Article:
Oafish Chic

The land I know and almost love – the one east of the 30, that is, is a sham. A cardboard cutout, a mirror image, a Romford Rolex or a Chinese Calvin Klein. Here, in the birthplaces of the iconic names in food, wine and fashion, chic has a totally different connotation and is not exportable. Copied, transplanted, yes. The real deal somehow floats effortlessly above all attempts at plagiarism, even with the right labels. Buying Louis Vuitton in an airconditioned bus station somewhere off the Sixth Ring doesn’t quite have the same cachet as buying it at the iconic architectural masterpiece at 101, avenue des Champs-Elysées. As a matter of interest, I ran across a 1920’s Louis Vuitton trunk in a B&B in Burgundy the other week, complete with the name of the original owner on the front and its own unique lock with hand-made brass key. At auction, it would have fetched the price of a modest house.
Shopping (window or otherwise) in and around Place Madeleine  – yes, it’s the Magdala again; amazing how she seeps in and out of my consciousness – reminds me how lumpen and oafish I really am. Coffee at the original Fauchon. A tea shop containing possibly five hundred different varieties of tea, a crowd gathering outside the discreet caviar store where 1kg of best grey Caspian sells for 3500 euros, to watch the sturgeon swimming in the aquarium window, a fish I have to admit I have never ever seen in the flesh. A shop selling over a hundred different varieties of mustard.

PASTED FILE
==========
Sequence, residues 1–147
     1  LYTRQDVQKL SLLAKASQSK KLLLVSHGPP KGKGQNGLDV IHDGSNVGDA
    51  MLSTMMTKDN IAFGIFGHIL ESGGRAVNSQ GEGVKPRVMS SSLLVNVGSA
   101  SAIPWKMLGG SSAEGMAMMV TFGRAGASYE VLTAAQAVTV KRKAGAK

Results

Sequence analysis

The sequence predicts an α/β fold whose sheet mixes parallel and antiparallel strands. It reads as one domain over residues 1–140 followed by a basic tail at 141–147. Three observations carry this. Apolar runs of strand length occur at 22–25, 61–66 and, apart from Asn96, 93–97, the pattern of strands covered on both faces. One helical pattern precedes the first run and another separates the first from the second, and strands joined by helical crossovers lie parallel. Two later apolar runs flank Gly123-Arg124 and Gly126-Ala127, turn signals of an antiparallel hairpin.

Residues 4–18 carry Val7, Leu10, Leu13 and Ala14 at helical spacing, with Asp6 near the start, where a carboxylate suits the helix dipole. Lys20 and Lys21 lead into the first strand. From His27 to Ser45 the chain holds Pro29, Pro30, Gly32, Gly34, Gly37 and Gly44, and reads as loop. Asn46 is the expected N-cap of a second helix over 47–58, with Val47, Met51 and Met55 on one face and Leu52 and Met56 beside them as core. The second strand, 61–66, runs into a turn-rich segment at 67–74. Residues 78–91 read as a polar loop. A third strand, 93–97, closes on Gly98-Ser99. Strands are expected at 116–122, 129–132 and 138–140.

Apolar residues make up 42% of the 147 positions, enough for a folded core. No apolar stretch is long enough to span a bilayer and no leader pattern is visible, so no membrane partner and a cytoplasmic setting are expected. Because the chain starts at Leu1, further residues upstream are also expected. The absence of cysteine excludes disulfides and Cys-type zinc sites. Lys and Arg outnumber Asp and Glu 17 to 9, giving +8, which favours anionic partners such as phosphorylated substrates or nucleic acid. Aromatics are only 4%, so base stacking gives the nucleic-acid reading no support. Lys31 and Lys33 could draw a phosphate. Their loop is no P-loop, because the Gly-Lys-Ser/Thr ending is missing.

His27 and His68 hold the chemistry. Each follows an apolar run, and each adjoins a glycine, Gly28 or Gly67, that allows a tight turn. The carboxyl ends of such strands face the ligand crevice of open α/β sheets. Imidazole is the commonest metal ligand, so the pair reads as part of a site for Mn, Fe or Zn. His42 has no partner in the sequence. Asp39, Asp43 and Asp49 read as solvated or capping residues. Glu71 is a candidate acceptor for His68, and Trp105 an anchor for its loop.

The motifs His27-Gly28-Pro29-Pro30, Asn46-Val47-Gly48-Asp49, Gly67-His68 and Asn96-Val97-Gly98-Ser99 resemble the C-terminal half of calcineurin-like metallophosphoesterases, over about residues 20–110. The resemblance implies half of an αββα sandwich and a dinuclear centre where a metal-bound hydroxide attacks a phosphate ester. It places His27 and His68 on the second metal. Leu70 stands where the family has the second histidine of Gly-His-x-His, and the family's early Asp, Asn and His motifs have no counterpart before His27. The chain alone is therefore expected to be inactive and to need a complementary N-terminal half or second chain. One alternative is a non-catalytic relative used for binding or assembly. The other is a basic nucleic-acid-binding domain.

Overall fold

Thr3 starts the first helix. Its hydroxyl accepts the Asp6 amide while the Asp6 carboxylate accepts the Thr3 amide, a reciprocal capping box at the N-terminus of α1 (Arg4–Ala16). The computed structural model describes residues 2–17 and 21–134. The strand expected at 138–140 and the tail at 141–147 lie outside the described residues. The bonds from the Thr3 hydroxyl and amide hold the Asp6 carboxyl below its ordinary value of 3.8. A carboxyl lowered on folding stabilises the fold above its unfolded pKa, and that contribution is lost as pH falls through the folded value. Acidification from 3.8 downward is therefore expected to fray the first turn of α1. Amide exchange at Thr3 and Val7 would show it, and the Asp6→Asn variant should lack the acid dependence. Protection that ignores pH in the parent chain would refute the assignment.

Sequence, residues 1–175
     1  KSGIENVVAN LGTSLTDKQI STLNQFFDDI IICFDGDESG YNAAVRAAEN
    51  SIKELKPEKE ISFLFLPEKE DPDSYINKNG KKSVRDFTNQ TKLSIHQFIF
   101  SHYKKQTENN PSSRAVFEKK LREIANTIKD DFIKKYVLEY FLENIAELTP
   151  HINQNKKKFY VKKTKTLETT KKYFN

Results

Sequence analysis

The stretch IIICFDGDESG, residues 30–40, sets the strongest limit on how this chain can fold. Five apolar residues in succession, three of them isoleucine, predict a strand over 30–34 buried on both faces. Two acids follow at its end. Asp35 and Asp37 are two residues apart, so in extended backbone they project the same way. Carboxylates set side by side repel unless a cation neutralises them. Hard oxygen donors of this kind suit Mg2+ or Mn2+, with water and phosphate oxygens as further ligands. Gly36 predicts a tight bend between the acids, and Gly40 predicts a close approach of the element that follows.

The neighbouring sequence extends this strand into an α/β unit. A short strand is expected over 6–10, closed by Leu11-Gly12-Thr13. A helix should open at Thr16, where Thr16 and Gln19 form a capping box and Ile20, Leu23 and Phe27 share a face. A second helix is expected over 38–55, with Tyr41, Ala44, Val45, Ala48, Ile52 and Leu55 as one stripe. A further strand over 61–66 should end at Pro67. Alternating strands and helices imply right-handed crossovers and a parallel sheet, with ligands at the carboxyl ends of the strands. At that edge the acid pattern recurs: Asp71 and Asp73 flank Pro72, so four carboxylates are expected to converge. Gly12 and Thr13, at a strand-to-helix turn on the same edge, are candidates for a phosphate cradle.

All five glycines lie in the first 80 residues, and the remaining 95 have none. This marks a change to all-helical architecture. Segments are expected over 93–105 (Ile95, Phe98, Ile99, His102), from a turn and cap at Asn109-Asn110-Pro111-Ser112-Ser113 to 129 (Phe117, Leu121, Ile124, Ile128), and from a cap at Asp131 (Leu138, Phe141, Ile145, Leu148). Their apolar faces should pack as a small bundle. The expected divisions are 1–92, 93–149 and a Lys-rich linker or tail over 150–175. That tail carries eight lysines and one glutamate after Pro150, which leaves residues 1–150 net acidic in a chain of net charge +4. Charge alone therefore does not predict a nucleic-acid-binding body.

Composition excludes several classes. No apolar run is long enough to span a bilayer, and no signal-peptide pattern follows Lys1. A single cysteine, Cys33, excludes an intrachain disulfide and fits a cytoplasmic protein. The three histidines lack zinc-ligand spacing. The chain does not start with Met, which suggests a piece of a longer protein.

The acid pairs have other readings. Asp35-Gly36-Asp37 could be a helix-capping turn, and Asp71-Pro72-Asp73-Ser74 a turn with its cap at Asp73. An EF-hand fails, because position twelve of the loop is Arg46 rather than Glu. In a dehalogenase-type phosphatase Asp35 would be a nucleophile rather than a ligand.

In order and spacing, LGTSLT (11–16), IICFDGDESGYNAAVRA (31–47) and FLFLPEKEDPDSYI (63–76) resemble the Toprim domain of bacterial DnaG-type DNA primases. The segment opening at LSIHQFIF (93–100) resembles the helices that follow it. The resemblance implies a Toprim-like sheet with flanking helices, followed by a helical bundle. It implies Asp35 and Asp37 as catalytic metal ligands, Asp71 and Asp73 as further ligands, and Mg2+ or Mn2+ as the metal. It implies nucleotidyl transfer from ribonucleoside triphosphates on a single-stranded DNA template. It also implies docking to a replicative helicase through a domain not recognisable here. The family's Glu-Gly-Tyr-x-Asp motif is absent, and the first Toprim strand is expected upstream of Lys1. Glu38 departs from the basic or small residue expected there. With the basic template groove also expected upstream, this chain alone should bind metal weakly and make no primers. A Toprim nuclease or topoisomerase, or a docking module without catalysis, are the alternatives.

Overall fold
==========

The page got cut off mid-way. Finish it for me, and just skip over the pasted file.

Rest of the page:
I had to go into the church and restore balance. It’s a beautiful building – I missed the free concert by an hour – a Romanian choir were doing Byrd, Mozart and Fauré. Never mind, Verdi’s Requiem is being sung there later in the month.
Food at one of Paris’ little secrets. At 7:30, I nodded to the maître d’ and secured what looked like the last available table. Simple French food, no frills at a price that didn’t make the eyes water. When I walked out, a hundred people were waiting in line. I swallowed my pride, pretended to be a tourist and photographed the napkin.

4 thoughts on “Oafish Chic

  1. Knowing your rather cosmopolitan and eclectic self, I'll skip making a comment about the British grasp of the concept of chic, and give credence to your observations.
    As a non-tourist doing touristy things, the travelogue is hilariously delightful. (The napkin is a nice touch) lol

    P.S. You got a parking ticket… I think. Our mandoob seems to feel it was somebody else's and they stuck it on your truck. We'll see.


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